I’M HOPEFUL, because I know that while we still have race issues in America, we enjoy a much different normal than those of our parents and grandparents. I see it in my personal relationships with teammates, friends and mentors. And it’s a beautiful thing.
I’M ENCOURAGED, because ultimately the problem is not a SKIN problem, it is a SIN problem. SIN is the reason we rebel against authority. SIN is the reason we abuse our authority. SIN is the reason we are racist, prejudiced and lie to cover for our own. SIN is the reason we riot, loot and burn. BUT I’M ENCOURAGED because God has provided a solution for sin through his son Jesus and with it, a transformed heart and mind. One that’s capable of looking past the outward and seeing what’s truly important in every human being. The cure for the Michael Brown, Trayvon Martin, Tamir Rice and Eric Garner tragedies is not education or exposure. It’s the Gospel. So, finally, I’M ENCOURAGED because the Gospel gives mankind hope.”
Words to live by, to grow by, to understand, and to try and do better.


the dogs' mother said...

As mother of Eldest I had occasion to advise my son, after the fact, NEVER to argue with someone who has the legal authority to shoot you.

In the back of my mind I've got to wonder - was I even able to have that conversation with my son because he is white?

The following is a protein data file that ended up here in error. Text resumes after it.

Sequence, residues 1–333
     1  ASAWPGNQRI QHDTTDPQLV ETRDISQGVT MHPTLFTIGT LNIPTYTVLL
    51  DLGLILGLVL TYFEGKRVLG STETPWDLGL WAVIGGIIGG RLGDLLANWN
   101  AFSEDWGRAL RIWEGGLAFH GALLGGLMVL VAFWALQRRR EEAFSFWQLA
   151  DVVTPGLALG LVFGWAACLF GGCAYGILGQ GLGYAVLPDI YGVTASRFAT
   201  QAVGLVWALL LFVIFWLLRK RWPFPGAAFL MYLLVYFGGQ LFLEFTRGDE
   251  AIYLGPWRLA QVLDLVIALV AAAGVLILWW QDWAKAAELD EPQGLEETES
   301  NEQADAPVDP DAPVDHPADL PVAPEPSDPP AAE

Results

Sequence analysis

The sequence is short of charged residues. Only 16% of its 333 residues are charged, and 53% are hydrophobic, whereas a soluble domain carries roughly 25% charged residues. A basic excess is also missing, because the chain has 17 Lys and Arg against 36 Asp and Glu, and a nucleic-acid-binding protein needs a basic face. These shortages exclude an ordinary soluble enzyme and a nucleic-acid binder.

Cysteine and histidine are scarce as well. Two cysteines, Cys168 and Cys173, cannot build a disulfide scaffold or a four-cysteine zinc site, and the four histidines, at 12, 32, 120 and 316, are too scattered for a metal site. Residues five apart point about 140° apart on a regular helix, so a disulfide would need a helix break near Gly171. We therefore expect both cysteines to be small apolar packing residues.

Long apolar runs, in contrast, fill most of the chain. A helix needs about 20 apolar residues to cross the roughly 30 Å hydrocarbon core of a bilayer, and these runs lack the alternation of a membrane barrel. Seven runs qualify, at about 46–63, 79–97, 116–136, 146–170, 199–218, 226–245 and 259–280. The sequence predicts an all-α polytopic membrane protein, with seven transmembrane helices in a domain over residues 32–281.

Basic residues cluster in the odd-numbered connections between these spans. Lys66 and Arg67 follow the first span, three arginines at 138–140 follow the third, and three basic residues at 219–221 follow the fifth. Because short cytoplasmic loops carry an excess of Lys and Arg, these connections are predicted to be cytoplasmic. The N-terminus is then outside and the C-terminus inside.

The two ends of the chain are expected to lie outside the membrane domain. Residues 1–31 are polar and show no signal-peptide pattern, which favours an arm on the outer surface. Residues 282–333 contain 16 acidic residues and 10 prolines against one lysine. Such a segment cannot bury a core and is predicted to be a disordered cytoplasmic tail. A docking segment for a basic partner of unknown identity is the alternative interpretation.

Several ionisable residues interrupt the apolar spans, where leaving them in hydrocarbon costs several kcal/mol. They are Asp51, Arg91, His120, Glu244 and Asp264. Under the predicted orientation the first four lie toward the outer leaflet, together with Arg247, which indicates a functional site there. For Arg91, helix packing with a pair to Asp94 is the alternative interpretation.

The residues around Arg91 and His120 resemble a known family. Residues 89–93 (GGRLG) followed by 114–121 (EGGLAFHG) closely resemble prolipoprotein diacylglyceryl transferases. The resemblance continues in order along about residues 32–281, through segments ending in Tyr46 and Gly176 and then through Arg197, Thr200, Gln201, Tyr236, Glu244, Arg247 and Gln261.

(thanks for posting that)

Bob Slatten said...

I was brought up to respect the police, but these days, with so many bad apples, it makes you wonder.

And I can't help but think how we would be reacting if Wilson was a black cop and Brown was a white young man.

Frank said...

Very well said, Watson. I think we, as gay folks, can relate to much of that anger and frustration and fear and hope and all those other feelings because our oppression continues every day despite the gains we've made. So if we can relate, that is a good thing. The sin/Jesus part seemed a bit preachy and "canned" however, not of the same quality as what he said from the heart.

Bob Slatten said...

I got that same feeling about the sin/God/preachy parts.

viktor kerney said...

I can't put my words together over this

Biki Honko said...

What a thoughtful man, and his words were wonderful, up to the religion bit, which you two are right, came across as pre-packaged.

Could it be that we are finally ready to talk about maybe not having police be armed? Or to have night patrols be by two police rather than one? And to not have a permanent partner, but a rotation?

Debbie said...

Wow. That was so HONEST. He expressed everything so many feel but are unable to articulate. Beautifully written.

Helen Lashbrook said...

I'm sad because yesterday someone said to me that the fuss would never have happened if the police had shot a white man; I tried to explain that the victim would not have been shot if they'd been white, but I don't think the message got through.
As for dis-arming the police is concerned, you have to get over the prejudices of those like the American who visited here (in the UK)and saw armed police at airports and said that we should be enraged because we cannot carry arms too.